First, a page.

Collegiate Starleague

Ten Things We Learned from the Regional Semis

27 Mar , 2018  

The regional semifinals are finished, and the National Championship picture is starting to take shape in College League of Legends. This week, we got a look at our biggest upset of the playoffs in the South and a marquee matchup between giants in the North.


Maryville University (North #3) vs. University of Manitoba (North #2)

Maryville wins 3-0

Game 1 — 32:54

Blue: UMb — 7 // 48.5k

Red: MU — 20 // 64.9k

Game 2 — 27:46

Blue: MU — 27 // 58.6k

Red: UMb — 8 // 40.3k

Game 3 — 31:52

Blue: UMb — 4 // 42.9k

Red: MU — 24 // 63.4k

  1. Maryville’s rotating roster prevails once again. Once again, Maryville shuffled around their starting roster for the Semifinals. Star ADC Prototype made his playoff debut, allowing çkg to return to mid lane. While it isn’t the full roster we expected coming into the season, having the core part back showed why Maryville is the reigning national champions. The two combined for 60% of Maryville’s damage and racked up a combined 40/9/64 KDA. Having this duo back will help for their upcoming regional finals match against Columbia College.
  2. “Honestly the most rewarding season for me so far.” -Derek “MU West” Micheau. For those that follow the Maryville squad on Twitter, this new meme may seem familiar. While it may be a fun “copypasta”, West is not wrong with his full statement (see below). Despite the switch to a new role, West has not lost his stride from last season. He has been a crucial part to Maryville’s rotating squad and was a critical part to their Semifinal sweep. West has shown that he can flex between different types of supports, work with different ADCs and styles, and synergize with a new jungler. Keeping up this level of play will benefit Maryville heavily against Columbia College.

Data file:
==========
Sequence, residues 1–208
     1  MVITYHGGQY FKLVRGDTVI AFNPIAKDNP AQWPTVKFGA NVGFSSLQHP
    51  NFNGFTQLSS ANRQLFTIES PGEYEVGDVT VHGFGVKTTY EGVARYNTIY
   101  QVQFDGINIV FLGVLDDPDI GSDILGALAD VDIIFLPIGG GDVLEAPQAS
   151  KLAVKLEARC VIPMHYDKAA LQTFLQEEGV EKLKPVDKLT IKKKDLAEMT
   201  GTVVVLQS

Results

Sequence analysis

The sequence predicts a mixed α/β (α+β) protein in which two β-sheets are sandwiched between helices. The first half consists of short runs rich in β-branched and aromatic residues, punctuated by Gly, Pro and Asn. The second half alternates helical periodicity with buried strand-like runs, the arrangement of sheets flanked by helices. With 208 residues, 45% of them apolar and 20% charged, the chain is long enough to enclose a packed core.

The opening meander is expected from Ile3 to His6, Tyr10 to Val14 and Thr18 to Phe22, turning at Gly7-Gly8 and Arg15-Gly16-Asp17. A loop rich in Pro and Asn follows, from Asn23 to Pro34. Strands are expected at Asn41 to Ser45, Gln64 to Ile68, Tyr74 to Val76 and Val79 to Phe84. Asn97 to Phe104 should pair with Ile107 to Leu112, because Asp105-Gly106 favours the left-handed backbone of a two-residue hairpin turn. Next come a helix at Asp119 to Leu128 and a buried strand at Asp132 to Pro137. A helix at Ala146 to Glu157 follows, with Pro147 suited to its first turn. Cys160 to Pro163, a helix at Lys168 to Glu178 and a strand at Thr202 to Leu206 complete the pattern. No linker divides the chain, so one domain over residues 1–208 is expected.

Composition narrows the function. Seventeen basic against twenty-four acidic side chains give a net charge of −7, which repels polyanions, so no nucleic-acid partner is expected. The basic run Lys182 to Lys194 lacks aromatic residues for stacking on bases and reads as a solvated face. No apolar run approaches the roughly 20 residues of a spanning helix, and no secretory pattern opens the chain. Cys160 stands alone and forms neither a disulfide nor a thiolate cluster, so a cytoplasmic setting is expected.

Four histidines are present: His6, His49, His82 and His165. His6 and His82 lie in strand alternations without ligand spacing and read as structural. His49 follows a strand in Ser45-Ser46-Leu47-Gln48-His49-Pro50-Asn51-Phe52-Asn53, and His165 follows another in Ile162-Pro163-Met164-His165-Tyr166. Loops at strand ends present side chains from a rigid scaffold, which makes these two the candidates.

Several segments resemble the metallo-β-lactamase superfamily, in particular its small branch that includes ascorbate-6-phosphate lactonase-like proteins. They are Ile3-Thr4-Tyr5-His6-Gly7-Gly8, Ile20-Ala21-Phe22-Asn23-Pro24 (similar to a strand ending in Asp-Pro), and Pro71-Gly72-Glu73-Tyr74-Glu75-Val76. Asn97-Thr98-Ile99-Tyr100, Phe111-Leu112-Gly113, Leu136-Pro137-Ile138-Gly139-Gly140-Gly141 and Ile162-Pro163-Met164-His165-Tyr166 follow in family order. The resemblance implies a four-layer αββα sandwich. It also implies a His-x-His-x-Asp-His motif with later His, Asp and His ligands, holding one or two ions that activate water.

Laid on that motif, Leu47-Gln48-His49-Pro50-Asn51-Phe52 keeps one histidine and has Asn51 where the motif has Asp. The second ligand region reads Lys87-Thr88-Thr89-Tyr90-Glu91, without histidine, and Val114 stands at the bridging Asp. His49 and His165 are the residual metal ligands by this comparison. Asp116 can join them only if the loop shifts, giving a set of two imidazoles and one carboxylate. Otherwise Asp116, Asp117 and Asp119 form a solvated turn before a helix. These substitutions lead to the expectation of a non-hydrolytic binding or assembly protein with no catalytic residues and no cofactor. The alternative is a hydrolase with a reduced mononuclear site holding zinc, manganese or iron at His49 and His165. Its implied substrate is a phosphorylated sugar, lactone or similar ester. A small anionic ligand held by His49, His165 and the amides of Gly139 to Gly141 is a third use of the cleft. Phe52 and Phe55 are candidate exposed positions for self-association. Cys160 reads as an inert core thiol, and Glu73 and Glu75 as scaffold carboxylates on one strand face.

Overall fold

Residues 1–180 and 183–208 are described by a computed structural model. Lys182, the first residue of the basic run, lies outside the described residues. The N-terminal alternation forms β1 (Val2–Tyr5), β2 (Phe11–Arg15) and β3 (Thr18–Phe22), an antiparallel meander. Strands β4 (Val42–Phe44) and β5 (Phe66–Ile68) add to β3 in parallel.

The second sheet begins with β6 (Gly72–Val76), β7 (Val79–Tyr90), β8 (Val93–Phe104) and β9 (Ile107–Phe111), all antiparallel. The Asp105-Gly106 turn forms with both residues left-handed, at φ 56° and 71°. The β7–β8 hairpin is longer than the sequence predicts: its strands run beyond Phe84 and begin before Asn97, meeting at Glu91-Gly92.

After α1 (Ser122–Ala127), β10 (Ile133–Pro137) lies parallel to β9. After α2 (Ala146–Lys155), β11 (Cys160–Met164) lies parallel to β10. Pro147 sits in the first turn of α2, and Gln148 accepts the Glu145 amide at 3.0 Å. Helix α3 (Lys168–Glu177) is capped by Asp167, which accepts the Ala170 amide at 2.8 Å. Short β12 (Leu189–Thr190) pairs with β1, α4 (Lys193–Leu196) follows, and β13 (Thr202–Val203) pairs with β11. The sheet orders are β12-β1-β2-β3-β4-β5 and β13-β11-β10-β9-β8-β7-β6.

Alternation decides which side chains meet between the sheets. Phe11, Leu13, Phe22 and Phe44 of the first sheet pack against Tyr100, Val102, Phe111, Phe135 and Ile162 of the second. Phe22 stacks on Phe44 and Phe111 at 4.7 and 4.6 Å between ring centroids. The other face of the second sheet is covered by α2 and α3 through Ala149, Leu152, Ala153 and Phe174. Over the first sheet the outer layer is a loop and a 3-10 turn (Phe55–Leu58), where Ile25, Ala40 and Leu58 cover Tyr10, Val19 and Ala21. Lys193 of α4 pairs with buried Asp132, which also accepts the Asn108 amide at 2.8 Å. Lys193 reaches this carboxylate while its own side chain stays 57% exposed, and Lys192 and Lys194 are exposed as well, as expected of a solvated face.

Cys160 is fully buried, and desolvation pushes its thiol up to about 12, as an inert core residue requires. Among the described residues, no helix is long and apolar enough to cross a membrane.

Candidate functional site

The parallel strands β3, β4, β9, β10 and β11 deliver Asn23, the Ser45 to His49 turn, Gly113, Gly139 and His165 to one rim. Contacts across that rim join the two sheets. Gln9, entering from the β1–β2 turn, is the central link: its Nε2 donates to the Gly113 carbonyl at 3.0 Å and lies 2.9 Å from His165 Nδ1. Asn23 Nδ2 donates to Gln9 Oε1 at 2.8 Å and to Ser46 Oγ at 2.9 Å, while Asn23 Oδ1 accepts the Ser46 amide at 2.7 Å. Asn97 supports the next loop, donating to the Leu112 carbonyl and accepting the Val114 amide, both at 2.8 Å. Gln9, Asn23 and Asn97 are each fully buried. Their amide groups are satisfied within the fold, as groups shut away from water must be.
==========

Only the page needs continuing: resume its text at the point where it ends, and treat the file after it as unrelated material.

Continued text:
Lourdes University (North #4) vs. Columbia College (MO.) (North #1)

Columbia College (MO.) wins series 3-0

Game 1 — 25:43

Blue: LU — 0 // 34.6k

Red: CC — 19 // 55.5k

Game 2 — 38:02

Blue: LU — 4 // 56.3k

Red: CC — 20 // 71.7k

Game 3 — 24:41

Blue: LU — 7 // 36.5k

Red: CC — 23 // 51.3k

  1. Greed is good for the Cougars. Columbia College gave up two drakes and two towers in Game 2…and that was it for the whole series. Game 1 was a straight up perfect game in Kills and OBJs, while CC gave up 7 kills in Game 3 but still kept their opponents off the scoreboard for Towers, Drakes, and Barons. Simply insane.
  2. MistyStumpy IS who we thought he was. CC top laner MistyStumpy continues to have himself a season, as he placed 2nd, 1st, and 1st on his team in Percent Damage Dealt on Camille, Gangplank, and Fiora. Earlier this year, Christian Matlock called for CC to open up the top lane some. Clearly, they’ve found the right patch to do so.
  3. Call them the Punishers. Columbia College has firmly established themselves as the team to beat in the Collegiate League of Legends, and a big part of that is how hard they punish opponents’ mistakes. We’re quickly reaching a point where we have to ask which teams will be able to survive long enough to really test CC’s compositions and teamfighting, because they looked absolutely unstoppable this week.


Texas A&M University (South #1) vs. George Mason University (South #4)

GMU wins series 3-1

Game 1 — 33:56

Blue: TAMU — 7 // 50.3k

Red: GMU — 26 // 66.2k

Game 2 — 38:03

Blue: GMU — 16 // 63.9k

Red: TAMU — 22 // 72.8k

Game 3 — 32:54

Blue: TAMU — 3 // 46.6k

Red: GMU — 17 // 62.3k

Game 4 — 47:18

Blue: GMU — 18 // 84.6k

Red: TAMU — 23 // 84.6k

  1. UPSET UPSET UPSET!! Just going to get this one out of the way early. With the biggest upset this playoffs, GMU dethrones TAMU in the South. The takeaway here is that a new champion in the South will be crowned this year. This conference has been notorious for being the weakest out of the big four regions, especially since there has only been one regional champion in the last couple years. Now with more schools rising in power and making strides, the South can become a region to threaten in the National playoffs. There are more competitors, but it’s not like the top teams are falling down a peg. From here on out, the South should not be counted out so easily.